So... the linky is closed, the votes are in, and we are mending our battle scars from the judging, but don't fret. Because David, J.A and I have finally put together a list of WINNERS! It was so hard to narrow it down but somehow we managed and the winners are ready to be announced! Are you curious who they are? Don't bite your nails, don't twiddle your thumbs because I won't keep you waiting any longer.
Congratulations! We will be contacting you shortly about your prizes!AND... a
for all of those who participated. We loved being able to read your entries and we know the people that you share them with, will love them just as much.
But wait..... we have a SURPRISE!
All three of us have agreed to offer Query Critiques to anyone who wants one for the next three days. That's right. Anyone. Meaning you did not have to participate in this blogfest to collect on this offer. Send it to one of us, or send one query to all three of us. Send queries in an email, as you would to an agent. NO ATTACHMENTS. We won't open them. We'll provide honest opinion and offer suggestions for improvement, if needed.
Contact one (or all) of us:
The offer stands until Wednesday, 21st, 11:59 PM Thanks for the fabulous entries! This has been a wonderful hop and we appreciate you guys taking the time to participate in it with us!
I obviously can't enter to "WIN" the "Wrap It Up" Bloghop, but I still wanted to participate. My story, "O' Christmas Tree" is posted HERE! Hop over and check it out. While you're at it. Check out these other awesome entries. (I have decided this is going to be MAJORLY hard judging.) I have loved everything I have read so far. You guys have submitted some great stuff.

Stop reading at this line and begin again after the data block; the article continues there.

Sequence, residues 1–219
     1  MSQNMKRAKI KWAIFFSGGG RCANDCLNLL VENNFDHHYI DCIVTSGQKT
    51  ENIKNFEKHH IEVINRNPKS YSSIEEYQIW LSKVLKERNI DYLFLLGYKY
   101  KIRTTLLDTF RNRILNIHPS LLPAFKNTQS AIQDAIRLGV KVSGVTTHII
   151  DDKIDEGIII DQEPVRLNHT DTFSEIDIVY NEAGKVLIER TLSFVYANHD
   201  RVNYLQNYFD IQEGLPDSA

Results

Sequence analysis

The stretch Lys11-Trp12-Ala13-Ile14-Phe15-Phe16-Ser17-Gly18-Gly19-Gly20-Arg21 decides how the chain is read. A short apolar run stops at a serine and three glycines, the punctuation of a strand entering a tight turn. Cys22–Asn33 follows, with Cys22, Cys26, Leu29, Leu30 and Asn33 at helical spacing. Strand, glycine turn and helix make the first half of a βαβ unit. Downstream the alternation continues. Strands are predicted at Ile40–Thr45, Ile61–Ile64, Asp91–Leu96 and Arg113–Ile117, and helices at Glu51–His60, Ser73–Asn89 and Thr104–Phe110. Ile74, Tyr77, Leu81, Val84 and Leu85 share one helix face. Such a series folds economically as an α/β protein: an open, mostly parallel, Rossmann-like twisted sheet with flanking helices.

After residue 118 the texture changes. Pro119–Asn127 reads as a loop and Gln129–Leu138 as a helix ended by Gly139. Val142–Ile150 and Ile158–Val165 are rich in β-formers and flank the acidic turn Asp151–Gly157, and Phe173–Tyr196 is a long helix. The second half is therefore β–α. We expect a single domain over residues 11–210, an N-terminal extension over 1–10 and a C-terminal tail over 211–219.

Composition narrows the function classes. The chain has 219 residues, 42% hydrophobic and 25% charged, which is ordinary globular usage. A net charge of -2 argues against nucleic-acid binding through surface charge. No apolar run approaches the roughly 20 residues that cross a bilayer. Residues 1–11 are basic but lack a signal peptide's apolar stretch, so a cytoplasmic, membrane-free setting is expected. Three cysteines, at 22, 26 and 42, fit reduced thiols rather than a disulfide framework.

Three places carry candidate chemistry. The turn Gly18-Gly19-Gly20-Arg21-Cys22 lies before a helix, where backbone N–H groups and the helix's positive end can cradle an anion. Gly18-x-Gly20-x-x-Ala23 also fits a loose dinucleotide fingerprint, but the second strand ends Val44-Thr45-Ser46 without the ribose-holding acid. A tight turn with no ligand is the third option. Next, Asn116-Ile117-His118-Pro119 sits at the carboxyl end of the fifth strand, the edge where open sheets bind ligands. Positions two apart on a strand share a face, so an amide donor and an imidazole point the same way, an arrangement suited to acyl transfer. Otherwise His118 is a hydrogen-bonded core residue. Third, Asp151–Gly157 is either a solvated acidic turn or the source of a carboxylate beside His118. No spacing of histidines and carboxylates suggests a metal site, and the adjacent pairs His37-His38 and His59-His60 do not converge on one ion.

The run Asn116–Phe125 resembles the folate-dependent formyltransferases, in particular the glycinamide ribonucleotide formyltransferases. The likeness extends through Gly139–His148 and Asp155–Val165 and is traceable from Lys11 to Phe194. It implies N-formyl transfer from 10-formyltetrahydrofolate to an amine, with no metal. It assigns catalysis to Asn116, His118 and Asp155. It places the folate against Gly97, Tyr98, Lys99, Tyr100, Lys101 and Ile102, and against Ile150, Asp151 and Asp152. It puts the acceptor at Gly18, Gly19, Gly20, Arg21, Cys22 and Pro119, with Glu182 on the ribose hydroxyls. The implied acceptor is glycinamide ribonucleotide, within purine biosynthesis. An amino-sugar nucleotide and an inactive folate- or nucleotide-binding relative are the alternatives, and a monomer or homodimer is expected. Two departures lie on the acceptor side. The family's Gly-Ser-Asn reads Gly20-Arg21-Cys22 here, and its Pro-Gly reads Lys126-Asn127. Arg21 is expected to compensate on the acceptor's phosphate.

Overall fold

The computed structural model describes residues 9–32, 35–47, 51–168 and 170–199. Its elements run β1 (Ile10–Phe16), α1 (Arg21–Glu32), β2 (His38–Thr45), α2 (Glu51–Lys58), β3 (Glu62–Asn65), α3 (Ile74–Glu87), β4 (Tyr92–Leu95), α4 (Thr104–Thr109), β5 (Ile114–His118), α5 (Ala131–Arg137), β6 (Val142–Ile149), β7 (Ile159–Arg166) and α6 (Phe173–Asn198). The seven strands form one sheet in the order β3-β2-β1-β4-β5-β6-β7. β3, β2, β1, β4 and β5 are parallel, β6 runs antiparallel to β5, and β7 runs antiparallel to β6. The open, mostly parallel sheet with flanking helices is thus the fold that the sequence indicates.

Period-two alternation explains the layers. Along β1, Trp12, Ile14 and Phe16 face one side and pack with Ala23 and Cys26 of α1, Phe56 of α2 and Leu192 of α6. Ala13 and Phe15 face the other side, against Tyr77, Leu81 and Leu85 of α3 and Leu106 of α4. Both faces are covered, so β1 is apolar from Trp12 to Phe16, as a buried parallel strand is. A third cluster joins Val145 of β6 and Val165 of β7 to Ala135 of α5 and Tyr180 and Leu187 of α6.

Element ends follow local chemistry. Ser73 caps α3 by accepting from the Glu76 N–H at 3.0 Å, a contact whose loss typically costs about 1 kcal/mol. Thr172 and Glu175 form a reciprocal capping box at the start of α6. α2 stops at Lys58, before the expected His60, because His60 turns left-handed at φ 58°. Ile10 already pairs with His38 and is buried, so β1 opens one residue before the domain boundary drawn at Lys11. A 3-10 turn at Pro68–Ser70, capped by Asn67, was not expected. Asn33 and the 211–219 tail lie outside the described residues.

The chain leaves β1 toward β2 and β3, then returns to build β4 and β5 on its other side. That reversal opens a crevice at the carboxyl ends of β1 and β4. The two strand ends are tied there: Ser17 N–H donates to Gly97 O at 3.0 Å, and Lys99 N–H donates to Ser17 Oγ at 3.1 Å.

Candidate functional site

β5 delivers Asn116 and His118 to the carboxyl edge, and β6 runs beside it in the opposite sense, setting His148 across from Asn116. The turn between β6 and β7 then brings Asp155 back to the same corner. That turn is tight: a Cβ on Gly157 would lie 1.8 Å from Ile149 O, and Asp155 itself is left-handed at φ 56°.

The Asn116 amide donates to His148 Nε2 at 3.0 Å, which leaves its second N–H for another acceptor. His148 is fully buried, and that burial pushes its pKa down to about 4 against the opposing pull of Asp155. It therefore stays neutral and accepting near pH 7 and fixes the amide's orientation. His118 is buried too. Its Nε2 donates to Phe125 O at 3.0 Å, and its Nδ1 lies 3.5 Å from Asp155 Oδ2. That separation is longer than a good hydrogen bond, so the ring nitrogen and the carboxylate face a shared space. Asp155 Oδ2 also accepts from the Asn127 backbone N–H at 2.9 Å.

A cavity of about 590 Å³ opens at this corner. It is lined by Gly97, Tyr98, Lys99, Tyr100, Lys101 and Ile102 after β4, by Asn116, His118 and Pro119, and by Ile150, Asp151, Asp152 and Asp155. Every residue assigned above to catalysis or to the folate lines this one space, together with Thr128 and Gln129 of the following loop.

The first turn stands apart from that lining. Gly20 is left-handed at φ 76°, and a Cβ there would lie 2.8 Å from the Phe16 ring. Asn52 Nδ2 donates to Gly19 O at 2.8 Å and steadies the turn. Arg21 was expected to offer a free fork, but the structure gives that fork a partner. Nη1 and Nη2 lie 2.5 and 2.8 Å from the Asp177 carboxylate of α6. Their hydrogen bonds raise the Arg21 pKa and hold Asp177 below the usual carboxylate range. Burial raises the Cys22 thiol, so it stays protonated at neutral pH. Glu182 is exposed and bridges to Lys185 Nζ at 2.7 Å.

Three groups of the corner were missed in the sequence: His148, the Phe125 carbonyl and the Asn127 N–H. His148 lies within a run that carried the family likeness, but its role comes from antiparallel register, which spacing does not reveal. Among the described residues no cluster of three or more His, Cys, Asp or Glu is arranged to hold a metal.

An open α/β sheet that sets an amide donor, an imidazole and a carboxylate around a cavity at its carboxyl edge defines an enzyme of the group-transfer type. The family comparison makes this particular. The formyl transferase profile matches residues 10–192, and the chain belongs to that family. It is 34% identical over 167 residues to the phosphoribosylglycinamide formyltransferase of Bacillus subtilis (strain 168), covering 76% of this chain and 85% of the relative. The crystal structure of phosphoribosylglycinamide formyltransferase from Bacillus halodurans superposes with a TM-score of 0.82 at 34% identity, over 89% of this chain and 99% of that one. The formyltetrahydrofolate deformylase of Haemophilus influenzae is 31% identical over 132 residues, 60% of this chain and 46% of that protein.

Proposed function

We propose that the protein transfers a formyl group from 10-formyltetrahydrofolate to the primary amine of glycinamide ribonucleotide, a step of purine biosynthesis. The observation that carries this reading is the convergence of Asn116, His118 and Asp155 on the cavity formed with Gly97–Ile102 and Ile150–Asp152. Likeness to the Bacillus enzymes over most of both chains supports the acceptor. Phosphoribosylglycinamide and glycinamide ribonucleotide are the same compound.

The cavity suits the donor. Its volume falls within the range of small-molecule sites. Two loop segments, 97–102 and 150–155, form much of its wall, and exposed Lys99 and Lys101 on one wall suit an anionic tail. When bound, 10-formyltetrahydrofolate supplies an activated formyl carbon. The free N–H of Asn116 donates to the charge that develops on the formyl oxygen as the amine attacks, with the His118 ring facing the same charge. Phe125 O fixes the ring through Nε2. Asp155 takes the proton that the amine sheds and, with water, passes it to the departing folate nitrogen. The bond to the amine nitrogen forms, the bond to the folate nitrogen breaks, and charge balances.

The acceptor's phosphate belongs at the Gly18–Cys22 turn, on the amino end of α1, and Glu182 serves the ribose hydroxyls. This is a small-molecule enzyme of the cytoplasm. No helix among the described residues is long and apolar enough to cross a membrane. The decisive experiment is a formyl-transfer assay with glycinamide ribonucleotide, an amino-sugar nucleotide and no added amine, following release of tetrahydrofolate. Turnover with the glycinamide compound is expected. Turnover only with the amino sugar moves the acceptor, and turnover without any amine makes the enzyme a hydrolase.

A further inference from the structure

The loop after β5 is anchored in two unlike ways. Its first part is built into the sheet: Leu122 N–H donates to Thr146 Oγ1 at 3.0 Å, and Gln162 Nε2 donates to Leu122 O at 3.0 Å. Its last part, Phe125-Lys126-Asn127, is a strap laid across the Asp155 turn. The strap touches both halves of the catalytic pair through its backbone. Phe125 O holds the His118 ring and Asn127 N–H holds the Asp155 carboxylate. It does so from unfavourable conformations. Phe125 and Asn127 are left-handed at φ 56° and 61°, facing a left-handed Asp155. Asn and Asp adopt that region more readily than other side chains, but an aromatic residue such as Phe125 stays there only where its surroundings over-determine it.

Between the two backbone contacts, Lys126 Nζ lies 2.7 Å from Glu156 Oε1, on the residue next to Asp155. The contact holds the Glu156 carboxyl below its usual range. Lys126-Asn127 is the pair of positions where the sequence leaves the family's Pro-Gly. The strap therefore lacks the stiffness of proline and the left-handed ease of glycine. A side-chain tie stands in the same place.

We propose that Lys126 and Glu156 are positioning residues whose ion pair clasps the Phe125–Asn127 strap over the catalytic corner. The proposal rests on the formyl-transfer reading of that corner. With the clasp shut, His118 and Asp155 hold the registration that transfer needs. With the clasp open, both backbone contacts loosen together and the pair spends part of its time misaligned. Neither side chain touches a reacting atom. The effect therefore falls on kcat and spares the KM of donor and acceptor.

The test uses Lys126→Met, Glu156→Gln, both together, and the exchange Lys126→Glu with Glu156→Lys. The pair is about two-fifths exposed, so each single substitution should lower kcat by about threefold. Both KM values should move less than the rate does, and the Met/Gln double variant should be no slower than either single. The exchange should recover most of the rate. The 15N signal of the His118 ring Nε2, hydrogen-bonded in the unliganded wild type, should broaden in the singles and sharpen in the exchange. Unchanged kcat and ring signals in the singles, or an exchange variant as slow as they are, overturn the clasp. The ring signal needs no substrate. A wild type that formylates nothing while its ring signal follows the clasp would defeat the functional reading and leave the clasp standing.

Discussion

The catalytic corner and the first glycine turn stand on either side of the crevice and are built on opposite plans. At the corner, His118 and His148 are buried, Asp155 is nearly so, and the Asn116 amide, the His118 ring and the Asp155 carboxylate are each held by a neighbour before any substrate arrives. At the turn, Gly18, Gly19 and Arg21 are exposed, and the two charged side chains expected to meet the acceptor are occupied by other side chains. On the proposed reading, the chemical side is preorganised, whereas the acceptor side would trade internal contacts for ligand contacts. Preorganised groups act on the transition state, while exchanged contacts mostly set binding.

Also... if you haven't seen it... Susanna Leonard Hill is hosting a Holiday Contest on her blog! Susanna is the author of several wonderful children's picture books. What do you do for this
Write your own version of Clement C. Moore's traditional poem, 'Twas The Night Before Christmas! Entries must be at least 12 lines/3 stanzas, not to exceed 40 lines/10 stanzas. (The original is much longer... we know!)
Post your entry between December 19th and December 22nd. 3 finalists will be chosen to vote for on December 26th. The winner gets a $15 Amazon gift card!
Also... I have a fabulous interview from Susanna HERE. Be sure to check it out. She is truly amazing. I love having the opportunity to learn from authors who "know!"
Have you entered any contests lately or is the Christmas season consuming you? I won't lie... this week is crazy-hectic for me!
I don't know if you know Kate - but if you don't - you should! She is one of those awesome teenage novelists! YES ~ I am serious! She is 18 years old and already has a book out to an editor. Can you say... "You go girl!" She was kind enough to agree to an interview today so I hope you will show her some love. And when you're done, be sure to hop over to her blog and say "hello!"
Kate! Thanks for being here today! I've followed your blog for a while now and love what you have to put out there for us. What I think is particularly awesome, is that you are 18 years old and you already have a novel being published, correct? What stage are you in with the publishing, and can you tell us a little about the process?